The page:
The dollar fell against the yen Tuesday as markets reacted negatively to the Bank of Japan's new moves to spur the tepid economy.
Around 2200 GMT, the dollar bought 88.68 yen, down from 89.60 yen at the same time Monday.
The European currency partly wiped out its losses against the yen but still was lower, fetching 118.14 yen compared with 119.28 yen late Monday.
Against the dollar, meanwhile, the euro inched up to $1.3321 from $1.3313.
The Bank of Japan, under pressure from Japanese Prime Minister Shinzo Abe to devalue the yen, on Tuesday adopted a 2.0 percent inflation target and announced plans to begin open-ended asset purchases next year.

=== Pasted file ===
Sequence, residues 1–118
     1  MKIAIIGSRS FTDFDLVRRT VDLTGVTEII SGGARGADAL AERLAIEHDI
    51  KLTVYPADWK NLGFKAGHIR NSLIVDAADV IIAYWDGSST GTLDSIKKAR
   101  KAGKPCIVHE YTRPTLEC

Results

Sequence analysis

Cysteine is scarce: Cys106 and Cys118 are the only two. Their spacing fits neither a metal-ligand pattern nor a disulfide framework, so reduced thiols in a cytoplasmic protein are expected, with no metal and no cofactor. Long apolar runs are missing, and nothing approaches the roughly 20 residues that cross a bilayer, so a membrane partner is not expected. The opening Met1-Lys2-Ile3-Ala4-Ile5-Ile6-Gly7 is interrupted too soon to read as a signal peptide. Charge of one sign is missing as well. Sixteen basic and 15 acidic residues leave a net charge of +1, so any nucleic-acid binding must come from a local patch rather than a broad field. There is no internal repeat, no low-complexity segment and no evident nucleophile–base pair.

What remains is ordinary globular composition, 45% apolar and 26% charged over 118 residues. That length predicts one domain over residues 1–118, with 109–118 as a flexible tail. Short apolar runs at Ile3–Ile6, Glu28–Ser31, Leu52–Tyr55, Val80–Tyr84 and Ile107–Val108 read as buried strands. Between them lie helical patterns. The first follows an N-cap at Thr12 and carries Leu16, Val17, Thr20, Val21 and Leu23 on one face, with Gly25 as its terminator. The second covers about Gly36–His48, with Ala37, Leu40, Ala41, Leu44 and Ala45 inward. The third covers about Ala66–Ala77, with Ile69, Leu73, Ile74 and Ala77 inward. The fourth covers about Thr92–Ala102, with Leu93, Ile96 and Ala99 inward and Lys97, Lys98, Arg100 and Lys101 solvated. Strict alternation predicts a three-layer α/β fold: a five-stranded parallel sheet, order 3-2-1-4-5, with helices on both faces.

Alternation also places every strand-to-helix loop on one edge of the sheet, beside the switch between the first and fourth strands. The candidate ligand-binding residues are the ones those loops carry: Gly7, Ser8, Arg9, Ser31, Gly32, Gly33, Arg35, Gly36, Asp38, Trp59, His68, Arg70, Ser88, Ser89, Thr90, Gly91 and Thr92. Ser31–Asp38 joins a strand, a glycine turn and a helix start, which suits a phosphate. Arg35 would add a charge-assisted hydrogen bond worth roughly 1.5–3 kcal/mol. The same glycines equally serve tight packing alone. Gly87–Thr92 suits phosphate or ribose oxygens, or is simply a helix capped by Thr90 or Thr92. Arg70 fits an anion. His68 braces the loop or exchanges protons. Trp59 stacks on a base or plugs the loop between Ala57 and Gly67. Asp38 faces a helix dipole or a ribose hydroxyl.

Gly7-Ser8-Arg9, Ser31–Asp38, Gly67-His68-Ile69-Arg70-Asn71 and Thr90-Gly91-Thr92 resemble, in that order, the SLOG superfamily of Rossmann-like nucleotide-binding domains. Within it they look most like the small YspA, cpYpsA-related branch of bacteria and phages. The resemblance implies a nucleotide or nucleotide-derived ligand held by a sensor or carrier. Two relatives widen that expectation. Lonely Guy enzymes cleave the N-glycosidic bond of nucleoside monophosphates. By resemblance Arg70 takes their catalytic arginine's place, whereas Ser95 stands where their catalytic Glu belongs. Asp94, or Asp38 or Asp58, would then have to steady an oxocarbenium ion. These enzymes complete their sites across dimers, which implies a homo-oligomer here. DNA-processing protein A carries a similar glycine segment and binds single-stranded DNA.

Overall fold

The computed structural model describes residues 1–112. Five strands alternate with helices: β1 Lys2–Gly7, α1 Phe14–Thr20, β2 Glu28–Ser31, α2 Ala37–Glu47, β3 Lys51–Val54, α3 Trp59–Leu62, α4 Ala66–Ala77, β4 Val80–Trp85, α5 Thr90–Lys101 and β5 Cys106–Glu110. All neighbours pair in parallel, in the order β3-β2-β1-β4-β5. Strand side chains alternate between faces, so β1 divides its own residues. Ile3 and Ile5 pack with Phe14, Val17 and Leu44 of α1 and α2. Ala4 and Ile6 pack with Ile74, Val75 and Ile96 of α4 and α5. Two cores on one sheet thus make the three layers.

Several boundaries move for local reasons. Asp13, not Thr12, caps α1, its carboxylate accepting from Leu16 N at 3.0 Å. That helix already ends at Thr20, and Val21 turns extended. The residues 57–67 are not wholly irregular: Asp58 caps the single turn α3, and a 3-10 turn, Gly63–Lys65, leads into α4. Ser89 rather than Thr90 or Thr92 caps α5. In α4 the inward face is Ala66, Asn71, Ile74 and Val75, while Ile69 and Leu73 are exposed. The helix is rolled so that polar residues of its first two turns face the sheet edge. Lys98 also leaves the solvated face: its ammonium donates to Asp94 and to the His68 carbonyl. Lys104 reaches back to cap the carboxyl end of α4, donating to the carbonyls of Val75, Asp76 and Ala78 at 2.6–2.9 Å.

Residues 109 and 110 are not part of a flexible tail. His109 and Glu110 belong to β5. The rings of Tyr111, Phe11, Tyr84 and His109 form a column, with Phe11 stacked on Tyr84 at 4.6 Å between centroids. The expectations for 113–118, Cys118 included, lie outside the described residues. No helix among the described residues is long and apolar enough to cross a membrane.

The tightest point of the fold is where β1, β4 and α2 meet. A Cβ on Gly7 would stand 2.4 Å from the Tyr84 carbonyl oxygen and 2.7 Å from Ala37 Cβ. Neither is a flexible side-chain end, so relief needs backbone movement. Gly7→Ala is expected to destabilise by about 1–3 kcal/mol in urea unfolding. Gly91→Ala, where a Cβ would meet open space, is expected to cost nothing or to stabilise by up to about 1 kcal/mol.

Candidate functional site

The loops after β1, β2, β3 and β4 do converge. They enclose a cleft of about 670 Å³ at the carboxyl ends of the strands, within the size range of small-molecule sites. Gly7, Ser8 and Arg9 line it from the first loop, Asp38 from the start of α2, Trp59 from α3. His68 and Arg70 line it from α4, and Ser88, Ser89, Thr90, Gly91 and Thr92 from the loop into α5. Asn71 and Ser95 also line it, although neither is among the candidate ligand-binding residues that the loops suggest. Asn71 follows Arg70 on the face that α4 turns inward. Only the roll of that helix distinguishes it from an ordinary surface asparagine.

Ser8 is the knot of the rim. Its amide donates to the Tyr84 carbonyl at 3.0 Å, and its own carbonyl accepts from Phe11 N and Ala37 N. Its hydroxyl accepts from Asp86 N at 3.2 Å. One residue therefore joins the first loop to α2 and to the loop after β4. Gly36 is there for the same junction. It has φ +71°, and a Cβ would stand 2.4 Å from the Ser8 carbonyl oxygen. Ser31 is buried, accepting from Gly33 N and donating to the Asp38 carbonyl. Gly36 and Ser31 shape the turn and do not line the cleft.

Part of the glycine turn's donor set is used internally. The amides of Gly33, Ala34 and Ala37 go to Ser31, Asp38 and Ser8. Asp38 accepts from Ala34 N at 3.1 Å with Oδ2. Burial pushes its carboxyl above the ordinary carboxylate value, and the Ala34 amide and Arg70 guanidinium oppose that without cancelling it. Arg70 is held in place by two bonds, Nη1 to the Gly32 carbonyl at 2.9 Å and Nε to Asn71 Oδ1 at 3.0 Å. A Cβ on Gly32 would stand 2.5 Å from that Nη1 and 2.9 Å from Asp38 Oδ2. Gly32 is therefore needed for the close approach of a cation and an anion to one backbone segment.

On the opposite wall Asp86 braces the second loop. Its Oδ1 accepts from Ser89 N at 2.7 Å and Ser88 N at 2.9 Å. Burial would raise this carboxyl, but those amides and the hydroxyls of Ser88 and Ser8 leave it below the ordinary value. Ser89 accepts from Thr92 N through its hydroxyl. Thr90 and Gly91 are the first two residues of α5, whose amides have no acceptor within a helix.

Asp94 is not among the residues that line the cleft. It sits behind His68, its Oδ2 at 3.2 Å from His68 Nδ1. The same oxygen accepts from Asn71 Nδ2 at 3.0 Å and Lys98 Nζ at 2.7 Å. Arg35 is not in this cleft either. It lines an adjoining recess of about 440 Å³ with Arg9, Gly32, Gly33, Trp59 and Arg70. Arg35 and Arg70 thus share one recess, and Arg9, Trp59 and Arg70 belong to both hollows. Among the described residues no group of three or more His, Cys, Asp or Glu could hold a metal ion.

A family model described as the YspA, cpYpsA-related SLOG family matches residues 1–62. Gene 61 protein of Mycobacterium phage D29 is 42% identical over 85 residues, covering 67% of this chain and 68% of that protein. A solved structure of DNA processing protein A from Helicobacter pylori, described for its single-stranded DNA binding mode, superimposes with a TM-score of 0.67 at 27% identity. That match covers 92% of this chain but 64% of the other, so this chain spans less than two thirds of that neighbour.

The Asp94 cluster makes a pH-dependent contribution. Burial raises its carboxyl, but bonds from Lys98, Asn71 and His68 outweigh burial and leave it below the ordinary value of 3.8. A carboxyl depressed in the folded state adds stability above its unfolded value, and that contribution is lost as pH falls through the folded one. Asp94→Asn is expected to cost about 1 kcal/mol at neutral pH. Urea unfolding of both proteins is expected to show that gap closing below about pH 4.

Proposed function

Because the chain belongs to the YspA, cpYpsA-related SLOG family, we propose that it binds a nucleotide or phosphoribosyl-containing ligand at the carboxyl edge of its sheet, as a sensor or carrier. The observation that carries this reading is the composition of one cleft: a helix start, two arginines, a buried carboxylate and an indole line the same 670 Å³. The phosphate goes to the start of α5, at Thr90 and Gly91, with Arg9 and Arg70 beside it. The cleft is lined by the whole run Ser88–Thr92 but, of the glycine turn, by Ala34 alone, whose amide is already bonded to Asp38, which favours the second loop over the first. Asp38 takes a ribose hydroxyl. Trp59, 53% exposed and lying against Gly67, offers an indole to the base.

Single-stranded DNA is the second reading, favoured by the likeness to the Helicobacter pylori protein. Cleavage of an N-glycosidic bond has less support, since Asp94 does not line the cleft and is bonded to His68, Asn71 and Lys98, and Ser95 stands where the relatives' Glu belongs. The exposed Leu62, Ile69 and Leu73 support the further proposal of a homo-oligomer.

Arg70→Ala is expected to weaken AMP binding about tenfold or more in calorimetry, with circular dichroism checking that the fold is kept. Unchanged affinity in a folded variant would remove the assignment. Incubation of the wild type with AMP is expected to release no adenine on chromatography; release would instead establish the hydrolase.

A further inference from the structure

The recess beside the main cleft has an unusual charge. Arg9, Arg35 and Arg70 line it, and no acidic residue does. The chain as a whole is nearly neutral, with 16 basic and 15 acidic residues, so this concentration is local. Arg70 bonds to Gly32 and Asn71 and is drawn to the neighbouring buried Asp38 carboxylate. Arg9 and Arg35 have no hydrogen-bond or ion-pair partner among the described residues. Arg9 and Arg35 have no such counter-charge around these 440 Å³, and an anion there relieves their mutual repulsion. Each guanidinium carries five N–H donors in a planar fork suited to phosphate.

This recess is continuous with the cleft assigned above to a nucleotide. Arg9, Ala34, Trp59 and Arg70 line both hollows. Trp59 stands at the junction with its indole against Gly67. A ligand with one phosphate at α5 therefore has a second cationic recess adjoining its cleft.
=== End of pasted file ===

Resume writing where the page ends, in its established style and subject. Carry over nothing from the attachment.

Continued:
"The 2014 timing of the asset purchase program was a disappointment to the market, which had very high expectations, thus sparking a rally in the yen and a sell-off in Japanese stocks," said Jason Ball, a forex analyst at Wells Fargo Bank.
There was little economic news out of the United States, except for a weaker-than-expected report on December sales of previously owned homes.
The euro, meanwhile, found some support after a German survey showed investor sentiment in Europe's biggest economy had hit the highest levels since the start of the eurozone debt crisis in 2010.
The dollar fell to 0.9285 Swiss francs from 0.9325 francs late Monday.
The pound ticked up to $1.5836 from $1.5830.